We need flexibility as much as we need strength.  In our fast-paced society, we typically find that many are suffering from a lot of tension.  We usually need flexibility and relaxation, especially in the pelvic floor, more than we need tension.  Say “bye bye kegels!” and hello to more practical application and a combination of both relaxation and strengthening of the pelvic floor.

Relax your pelvic floor muscles.  

The pelvic floor is the region that spans front to back from the pubic bone to the tailbone, and side-to-side from sits-bone to sits-bone. Visualize the pelvic floor muscles as a trampoline.  Practice syncing your breath, and respiratory diaphragm, with your PFM. As you inhale, the belly expands with breath, causing the respiratory diaphragm to flatten downward. At the same time, your PFM muscles are relaxing and spreading down and out, ever so subtly.  Visualize the trampoline pressing down toward the ground. As you exhale, the belly contracts, causing the diaphragm to float upward. At the same time, your PFM muscles are gently contracting upward. Visualize the trampoline springing back up.

This is a gentle and subtle practice.  No need to overdo it. Practice and repeat while simply sitting, with good posture, and/or lying down, perhaps with knees bent. Deep and synchronized breathing is key.  This is a practice of self-study and understanding. Once you understand the practice while you’re still, then you can also begin to practice with gentle asana as well.

Build strength in, and around, your pelvic floor muscles.

Once you’ve gotten the hang of synchronizing breath with the relaxing and strengthening of the PFM, then you can also incorporate pelvic floor focused yoga postures.  Think about what poses stabilize, strengthen, and increase helpful flexibility around the lower half of your body: core, gluts, adductors/abductors, …just to name a few.  A few examples of strengthening yoga postures are: bridge, chair, and warriors. Some examples of flexibility of the PF area with yoga postures are: (supine) pigeon, pelvic tilts, (supine) butterfly, and yogi squat/horse pose.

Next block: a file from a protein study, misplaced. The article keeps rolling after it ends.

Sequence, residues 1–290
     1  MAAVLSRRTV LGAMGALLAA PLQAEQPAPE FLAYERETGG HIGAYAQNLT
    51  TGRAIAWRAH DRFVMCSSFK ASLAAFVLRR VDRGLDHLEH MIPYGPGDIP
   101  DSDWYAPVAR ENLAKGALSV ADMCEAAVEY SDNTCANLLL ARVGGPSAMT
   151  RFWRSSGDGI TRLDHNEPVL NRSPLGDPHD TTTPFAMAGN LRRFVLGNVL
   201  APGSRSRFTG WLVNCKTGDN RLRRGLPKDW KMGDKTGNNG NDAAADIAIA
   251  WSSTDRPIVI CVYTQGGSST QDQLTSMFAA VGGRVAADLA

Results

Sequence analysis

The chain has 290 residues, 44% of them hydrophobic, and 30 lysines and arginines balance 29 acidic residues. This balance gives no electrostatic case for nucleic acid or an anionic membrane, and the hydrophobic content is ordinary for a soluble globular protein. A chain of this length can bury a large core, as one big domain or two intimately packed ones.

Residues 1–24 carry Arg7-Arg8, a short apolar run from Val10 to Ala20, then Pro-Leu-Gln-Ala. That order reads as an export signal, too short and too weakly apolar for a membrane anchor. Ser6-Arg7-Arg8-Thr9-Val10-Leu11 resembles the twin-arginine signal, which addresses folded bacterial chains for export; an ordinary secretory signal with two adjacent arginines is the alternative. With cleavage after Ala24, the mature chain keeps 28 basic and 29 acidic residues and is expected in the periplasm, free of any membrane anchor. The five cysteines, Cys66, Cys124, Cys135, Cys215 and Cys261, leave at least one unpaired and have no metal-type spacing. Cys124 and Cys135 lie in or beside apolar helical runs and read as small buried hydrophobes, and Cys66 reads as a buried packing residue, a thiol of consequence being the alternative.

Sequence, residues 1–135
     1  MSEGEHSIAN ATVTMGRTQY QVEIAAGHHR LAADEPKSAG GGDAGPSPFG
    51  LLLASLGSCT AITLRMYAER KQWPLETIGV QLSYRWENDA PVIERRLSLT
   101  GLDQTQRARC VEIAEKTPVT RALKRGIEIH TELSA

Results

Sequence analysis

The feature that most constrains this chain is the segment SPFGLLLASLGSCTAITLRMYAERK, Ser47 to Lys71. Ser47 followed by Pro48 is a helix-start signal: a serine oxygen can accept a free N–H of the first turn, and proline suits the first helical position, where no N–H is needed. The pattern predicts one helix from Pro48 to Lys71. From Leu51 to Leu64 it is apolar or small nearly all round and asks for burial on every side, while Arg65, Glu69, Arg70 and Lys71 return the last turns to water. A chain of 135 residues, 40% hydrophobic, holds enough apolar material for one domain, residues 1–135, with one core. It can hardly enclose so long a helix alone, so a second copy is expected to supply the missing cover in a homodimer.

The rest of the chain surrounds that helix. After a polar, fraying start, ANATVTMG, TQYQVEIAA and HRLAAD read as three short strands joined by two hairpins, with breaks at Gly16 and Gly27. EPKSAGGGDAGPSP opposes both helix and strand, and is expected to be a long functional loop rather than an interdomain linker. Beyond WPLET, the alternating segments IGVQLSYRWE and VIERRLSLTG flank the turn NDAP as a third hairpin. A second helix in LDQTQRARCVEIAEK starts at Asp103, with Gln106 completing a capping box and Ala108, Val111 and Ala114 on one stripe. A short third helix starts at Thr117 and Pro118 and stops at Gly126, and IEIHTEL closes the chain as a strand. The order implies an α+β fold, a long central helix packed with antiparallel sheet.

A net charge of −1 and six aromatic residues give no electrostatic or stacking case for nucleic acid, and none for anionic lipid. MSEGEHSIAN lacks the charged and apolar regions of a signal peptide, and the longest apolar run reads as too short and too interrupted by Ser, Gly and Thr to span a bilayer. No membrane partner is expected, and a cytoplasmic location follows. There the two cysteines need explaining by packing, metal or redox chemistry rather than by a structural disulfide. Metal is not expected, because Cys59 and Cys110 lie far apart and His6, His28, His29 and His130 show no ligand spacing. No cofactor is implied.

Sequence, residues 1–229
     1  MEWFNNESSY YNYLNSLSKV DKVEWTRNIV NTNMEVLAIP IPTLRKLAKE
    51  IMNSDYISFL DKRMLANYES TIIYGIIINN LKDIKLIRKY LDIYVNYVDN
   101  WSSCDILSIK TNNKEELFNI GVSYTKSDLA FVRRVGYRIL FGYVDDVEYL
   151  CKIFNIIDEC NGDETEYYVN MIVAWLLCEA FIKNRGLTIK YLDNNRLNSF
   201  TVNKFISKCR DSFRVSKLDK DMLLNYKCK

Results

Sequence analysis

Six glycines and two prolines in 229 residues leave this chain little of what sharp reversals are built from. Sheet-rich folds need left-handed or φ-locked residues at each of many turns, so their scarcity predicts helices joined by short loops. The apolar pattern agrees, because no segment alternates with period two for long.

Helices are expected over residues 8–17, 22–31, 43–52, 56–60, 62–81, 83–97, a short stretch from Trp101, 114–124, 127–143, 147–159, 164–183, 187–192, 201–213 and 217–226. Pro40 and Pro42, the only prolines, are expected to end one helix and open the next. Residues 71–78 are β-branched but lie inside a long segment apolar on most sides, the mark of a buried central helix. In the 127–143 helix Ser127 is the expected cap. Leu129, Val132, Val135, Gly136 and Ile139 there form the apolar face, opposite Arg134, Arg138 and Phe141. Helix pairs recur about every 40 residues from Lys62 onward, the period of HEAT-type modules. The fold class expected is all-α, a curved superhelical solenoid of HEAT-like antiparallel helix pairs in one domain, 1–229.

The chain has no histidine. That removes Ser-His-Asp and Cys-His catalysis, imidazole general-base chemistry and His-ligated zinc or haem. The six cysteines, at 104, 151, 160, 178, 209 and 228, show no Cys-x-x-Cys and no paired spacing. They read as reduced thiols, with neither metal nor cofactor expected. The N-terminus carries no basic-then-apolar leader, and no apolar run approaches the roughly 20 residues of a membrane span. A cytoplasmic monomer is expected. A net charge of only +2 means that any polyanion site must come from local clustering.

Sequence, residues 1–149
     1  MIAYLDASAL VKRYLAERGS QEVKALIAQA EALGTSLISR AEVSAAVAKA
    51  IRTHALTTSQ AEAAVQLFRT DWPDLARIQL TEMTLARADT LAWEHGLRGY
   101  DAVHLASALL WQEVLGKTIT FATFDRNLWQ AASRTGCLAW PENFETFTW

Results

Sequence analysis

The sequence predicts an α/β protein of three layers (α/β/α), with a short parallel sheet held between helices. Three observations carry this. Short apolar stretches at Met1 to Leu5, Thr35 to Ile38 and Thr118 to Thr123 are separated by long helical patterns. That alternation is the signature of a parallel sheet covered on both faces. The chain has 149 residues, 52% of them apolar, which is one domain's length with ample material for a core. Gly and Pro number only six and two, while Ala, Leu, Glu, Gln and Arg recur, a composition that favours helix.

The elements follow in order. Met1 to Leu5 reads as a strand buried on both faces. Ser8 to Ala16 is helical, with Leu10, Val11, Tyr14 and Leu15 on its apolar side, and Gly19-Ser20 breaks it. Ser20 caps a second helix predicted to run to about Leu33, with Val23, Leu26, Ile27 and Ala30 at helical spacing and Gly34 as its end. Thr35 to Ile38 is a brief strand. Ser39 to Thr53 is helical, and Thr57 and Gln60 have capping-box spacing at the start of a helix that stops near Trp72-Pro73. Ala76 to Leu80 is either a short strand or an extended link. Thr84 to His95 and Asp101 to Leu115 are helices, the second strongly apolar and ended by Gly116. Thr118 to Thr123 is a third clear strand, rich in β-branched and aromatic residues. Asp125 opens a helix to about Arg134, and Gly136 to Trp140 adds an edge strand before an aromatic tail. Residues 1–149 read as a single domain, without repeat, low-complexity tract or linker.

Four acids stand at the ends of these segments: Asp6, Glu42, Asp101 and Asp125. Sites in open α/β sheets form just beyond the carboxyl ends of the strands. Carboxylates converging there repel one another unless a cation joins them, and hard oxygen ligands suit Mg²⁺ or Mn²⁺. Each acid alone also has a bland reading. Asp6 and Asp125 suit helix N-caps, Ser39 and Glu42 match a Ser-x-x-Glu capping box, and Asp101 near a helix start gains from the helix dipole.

Of course there are postures, sequences, flows, and more that can incorporate and focus on both strengthening and increasing flexibility in the pelvic floor.  As with any practice, before you teach something, study it for yourself. Learn what works for you, and what doesn’t. Get familiar with your pelvic floor muscles: hyper or hypo? Practice breathing with the trampoline visual, or another visual of your choosing.  Experiment with poses and inquire with yourself about how the mechanics of each work. In the end, the application of this practice will not only help you, but also help your students and clients.



Pelvic Liberation: Using Yoga, Self-Inquiry, and Breath Awareness for Pelvic Health by Leslie Howard Lyndi Rivers, C-IAYT Pelvic Floor Yoga Therapy Specialist

Bryana Cook, MSW, LGSW, RYT 500, is currently in the 800 hour C-IAYT Inner Peace Yoga Therapy program. She is a practicing mental health provider in a small rural Minnesota counseling office, working towards completing her LICSW. Bryana teaches group yoga classes and schedules private sessions, through her nomad business Northern Namaste Yoga and co-leads yoga retreats in beautiful places with her partners in Boreal Bliss Yoga Retreats. She lives in Longville, MN with her husband, dog, and cat, where they do their best to live an intentional life of simplicity in nature.